Direct attack on UN Refugee Convention and ECHR

These are direct attacks by Home Secretary – Suella Braverman on the 1951 United Nations Refugee Convention and the European Convention on Human Rights are not in our name:

26 September 2023: Guardian: UN rebukes Suella Braverman over her attack on refugee convention

UNHCR defends 1951 convention after UK home secretary’s speech on ‘uncontrolled and illegal migration’

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Guardian: Braverman to ask world leaders to make refugee rules ‘fit for the modern age’

Home secretary’s address in Washington will urge reform of UN convention and has already prompted concern from charities

Suella Braverman will appeal on Tuesday to world leaders and political thinkers to consider rewriting key refugee rules so they are “fit for the modern age”.

In a move to alter an agreement that undermined UK plans to send asylum seekers to Rwanda, the home secretary will argue that the United Nations 1951 refugee convention must be reformed to tackle a worldwide migration crisis.

Her words have prompted deep concern from refugee charities who claim she is urging the international community to “pull up the drawbridge” on people who have suffered torture and abuse.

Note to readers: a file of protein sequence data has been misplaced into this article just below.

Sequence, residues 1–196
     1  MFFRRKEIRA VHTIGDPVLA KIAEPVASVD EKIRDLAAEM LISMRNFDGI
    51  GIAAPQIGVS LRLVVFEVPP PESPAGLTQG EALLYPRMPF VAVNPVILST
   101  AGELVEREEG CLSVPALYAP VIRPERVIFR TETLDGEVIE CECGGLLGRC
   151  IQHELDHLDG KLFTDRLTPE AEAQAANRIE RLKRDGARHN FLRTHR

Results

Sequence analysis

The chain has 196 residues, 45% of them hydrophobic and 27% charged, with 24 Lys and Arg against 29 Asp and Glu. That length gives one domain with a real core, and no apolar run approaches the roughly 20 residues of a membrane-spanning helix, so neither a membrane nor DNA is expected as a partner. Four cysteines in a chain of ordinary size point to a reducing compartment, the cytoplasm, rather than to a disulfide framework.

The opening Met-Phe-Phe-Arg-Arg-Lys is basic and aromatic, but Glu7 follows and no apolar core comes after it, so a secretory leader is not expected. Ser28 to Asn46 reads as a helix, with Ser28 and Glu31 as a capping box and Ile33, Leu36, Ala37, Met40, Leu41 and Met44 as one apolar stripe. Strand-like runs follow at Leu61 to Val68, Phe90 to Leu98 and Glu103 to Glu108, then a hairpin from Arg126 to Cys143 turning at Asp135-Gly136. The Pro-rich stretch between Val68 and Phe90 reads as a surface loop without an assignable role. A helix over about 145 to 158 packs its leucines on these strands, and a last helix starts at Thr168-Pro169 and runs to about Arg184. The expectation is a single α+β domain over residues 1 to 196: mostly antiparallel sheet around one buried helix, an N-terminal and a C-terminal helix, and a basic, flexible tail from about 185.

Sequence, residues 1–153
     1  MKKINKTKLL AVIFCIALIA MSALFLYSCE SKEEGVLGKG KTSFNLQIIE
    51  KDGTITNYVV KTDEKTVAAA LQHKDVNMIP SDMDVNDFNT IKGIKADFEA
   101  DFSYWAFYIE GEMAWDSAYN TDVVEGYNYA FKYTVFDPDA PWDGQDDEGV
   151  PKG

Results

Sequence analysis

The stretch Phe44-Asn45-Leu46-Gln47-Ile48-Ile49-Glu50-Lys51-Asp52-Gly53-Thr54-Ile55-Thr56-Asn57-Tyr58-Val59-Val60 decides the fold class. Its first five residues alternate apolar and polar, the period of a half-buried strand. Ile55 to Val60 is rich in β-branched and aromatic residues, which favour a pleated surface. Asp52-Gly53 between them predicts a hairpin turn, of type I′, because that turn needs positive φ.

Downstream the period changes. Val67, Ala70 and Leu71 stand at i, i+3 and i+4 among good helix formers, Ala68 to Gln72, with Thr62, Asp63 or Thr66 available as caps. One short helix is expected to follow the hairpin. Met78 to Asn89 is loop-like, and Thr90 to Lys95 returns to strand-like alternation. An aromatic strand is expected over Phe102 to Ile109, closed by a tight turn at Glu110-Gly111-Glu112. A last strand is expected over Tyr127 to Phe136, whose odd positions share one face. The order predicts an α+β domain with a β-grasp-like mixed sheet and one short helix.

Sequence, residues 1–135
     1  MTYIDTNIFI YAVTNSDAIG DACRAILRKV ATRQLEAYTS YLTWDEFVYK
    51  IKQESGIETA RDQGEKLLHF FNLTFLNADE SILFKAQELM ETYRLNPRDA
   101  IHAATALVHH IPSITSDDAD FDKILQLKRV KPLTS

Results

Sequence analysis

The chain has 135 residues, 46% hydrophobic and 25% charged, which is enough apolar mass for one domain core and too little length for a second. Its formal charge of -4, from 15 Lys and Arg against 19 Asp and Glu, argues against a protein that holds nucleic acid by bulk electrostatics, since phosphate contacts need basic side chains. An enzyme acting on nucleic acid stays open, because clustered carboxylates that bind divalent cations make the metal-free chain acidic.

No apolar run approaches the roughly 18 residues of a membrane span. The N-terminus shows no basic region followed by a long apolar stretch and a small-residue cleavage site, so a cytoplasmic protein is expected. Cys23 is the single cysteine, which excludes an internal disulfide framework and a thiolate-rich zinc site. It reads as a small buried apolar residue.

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24 September 2023: Guardian: Suella Braverman makes fresh attack on European court of human rights

Home secretary warns treaties on migrants are ‘not fit for purpose’ in age of jet travel and smartphones

Suella Braverman has signalled her desire to leave the European court of human rights (ECHR), as she warned that the treaties governing the treatment of migrants were not “fit for purpose in an age of jet travel and smartphones”.

The home secretary was speaking last night ahead of a visit to her counterparts in the US, where she will make a speech setting out what she sees as the challenges created by global migration – including small boats across the Channel.

“Illegal migration and the unprecedented mass movement of people across the globe is placing unsustainable pressures on America, the UK, and Europe,” she said. “We must come together and ask whether the international conventions and legal frameworks designed 50-plus years ago are fit for purpose in an age of jet travel and smartphones.

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